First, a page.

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An Employer’s Refresher in Fraud Prevention

An Alabama expert’s advice on protecting your till.

A stutter. A stammer. Small things may reveal big thefts, says CPA Ralph Summerford. 

 

It seems every day brings news about another large corporation reeling from a massive data breach. Whether through skimmers, malware or the Internet of Things, it’s difficult to feel secure with personal information.

But sometimes security breaches are more mundane. Those are the ones small businesses should worry about, says Ralph Summerford, president of Birmingham-based Forensic Strategic Solutions LLC.

“The most common fraud is still committed by an employee on an employer,” Summerford says. “The employee takes money or uses assets of the business without permission of people who trust them.”

Summerford, a CPA and accounting malpractice expert, is a happy hunter of irregularities that point to theft on the job.

 “Employees steal from employers,” Summerford says. “When you understand that concept, you’ll be able to investigate.”

Summerford insists fraud has not changed much, despite changes in technology. 

“As a fraud examiner, I look for anomalies — changes in behavior, speech, attitude,” Summerford says. “The typical response is to sweep it under the rug, but if you dig a little deeper, you see what’s going on.”

Crafty criminals can cover their tracks well, but most haven’t thought that far ahead. 

“A really good crook makes it harder,” Summerford says. “Most people don’t do that. If your children do wrong, you can look at them and tell something is wrong. And when you ask them what they have been doing, they stutter and stammer. You recognize those signs, and when employees steal, the way they act changes.” 

Recognizing embezzlement is a matter of keeping an eye out for pattern changes, he says.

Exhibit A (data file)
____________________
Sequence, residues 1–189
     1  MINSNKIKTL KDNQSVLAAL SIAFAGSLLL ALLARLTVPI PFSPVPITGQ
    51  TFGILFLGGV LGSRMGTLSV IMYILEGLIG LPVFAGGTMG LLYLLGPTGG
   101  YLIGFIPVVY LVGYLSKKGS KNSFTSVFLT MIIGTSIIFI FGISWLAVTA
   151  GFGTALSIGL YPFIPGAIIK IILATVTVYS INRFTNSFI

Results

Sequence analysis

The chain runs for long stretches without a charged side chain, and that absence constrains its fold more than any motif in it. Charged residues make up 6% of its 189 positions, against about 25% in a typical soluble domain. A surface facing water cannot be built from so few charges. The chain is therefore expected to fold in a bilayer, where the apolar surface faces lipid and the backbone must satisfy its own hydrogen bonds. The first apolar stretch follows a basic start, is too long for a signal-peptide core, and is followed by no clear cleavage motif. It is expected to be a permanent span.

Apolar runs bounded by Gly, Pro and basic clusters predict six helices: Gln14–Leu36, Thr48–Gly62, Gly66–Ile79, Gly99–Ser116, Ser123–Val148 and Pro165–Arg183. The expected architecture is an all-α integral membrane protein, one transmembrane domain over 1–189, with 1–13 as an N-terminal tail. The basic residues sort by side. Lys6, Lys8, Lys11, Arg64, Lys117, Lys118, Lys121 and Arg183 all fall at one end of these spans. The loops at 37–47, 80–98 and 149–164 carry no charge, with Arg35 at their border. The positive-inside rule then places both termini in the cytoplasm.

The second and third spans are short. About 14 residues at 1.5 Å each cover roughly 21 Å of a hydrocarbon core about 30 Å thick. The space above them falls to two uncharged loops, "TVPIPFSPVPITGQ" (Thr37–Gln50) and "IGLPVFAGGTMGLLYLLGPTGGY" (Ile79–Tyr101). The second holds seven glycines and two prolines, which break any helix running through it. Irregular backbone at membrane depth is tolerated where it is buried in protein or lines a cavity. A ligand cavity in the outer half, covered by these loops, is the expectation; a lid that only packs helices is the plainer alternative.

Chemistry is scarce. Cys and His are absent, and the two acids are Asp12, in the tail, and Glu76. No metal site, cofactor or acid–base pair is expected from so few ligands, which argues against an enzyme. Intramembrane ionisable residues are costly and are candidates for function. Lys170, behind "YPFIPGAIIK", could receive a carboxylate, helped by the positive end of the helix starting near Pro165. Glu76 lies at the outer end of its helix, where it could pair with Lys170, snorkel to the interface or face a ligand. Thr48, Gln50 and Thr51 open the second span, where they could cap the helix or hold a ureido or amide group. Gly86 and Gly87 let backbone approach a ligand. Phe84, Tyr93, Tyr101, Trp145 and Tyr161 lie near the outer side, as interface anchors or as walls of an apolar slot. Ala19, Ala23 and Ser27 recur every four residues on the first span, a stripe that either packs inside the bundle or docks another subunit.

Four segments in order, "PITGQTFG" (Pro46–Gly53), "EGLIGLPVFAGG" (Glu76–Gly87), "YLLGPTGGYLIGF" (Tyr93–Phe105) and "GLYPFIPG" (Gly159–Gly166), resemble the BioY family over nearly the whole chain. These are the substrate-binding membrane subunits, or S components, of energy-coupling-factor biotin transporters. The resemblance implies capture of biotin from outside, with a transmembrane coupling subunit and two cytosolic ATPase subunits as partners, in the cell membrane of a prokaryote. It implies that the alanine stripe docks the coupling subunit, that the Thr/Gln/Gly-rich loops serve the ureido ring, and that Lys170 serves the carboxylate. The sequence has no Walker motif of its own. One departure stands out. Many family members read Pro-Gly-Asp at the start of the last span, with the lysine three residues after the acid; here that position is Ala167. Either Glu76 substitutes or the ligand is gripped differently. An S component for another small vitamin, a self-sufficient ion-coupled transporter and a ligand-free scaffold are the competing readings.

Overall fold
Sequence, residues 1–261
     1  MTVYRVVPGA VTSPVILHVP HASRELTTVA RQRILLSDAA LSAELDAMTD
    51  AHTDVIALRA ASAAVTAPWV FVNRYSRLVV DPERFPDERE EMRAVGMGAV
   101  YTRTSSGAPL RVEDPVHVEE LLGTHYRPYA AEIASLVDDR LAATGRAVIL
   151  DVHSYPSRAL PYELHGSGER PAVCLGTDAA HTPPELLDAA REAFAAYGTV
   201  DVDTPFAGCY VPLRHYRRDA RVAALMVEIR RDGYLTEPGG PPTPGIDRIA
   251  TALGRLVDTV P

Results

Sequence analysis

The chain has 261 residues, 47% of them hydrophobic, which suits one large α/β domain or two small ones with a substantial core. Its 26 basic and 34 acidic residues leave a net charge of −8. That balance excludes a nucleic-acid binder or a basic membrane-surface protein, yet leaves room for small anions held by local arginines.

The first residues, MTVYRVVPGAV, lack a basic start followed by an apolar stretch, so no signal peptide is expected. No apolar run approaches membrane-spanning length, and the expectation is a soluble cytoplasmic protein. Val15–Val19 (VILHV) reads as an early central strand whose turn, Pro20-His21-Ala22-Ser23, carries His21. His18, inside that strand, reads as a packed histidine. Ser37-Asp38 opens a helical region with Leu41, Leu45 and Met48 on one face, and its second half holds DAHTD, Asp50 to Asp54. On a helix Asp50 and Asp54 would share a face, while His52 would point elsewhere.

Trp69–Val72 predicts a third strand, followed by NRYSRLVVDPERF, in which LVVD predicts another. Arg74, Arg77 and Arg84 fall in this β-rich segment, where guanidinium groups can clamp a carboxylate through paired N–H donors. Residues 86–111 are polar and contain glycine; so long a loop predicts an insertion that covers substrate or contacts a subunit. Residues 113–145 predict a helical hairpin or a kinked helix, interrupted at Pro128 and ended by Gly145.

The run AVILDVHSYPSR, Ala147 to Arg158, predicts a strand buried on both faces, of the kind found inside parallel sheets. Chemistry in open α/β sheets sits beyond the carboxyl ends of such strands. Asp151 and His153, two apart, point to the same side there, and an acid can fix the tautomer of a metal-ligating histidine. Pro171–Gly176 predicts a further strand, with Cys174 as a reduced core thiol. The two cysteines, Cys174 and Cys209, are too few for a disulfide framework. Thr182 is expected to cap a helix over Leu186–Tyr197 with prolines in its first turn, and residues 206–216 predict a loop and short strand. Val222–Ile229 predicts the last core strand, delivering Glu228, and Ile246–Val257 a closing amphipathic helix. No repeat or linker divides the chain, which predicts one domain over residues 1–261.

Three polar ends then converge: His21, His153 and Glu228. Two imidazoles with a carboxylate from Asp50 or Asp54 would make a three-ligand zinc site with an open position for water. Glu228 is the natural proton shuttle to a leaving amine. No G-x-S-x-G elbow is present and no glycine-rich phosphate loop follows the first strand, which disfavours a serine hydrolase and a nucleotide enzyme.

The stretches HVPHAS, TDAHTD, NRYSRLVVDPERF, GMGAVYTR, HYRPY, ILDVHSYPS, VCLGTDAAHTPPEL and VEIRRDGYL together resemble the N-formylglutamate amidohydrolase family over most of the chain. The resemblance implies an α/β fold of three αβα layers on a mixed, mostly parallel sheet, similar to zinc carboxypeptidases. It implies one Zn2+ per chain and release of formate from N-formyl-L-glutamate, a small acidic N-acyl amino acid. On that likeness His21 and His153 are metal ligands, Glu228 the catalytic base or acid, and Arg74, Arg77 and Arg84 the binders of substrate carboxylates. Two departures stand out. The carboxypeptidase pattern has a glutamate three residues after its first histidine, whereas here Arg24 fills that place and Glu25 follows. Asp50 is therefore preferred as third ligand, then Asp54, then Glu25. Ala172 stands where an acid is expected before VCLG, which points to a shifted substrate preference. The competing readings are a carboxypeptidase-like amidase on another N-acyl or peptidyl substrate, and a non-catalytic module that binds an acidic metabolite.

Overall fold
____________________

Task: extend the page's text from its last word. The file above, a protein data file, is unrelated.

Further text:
“Many years ago, a woman working in a company spent a tremendous amount of money on cosmetic surgery, bought herself a new car, bought her husband a new truck, and a boyfriend a new car. She only made $35,000.”

This woman’s employer thought she had a windfall from a relative. During a 22-month period, she embezzled $550,000.

“It was obvious something was going on,” Summerford says. “Sometimes people turn a blind eye to the signs.”

Summerford says identifying a potential embezzler can be as simple as shaking someone’s hand and connecting with a sweaty palm.

“Some people say, ‘Ralph, you’re too cynical.’ Mark Twain said trust everyone, but always cut the cards. Employers should do that. You don’t expect everyone is stealing, but the biggest problem is when employers are too trusting.”

Summerford says people will steal in order to save themselves. He says he’s noticed a pattern of executives turning to fraud when the business is failing and they can’t face the possibility of that failure. 

Summerford says that on the employee side, the best form of prevention is to segregate duties. It’s when one person is solely responsible for certain duties that he most often finds fraud.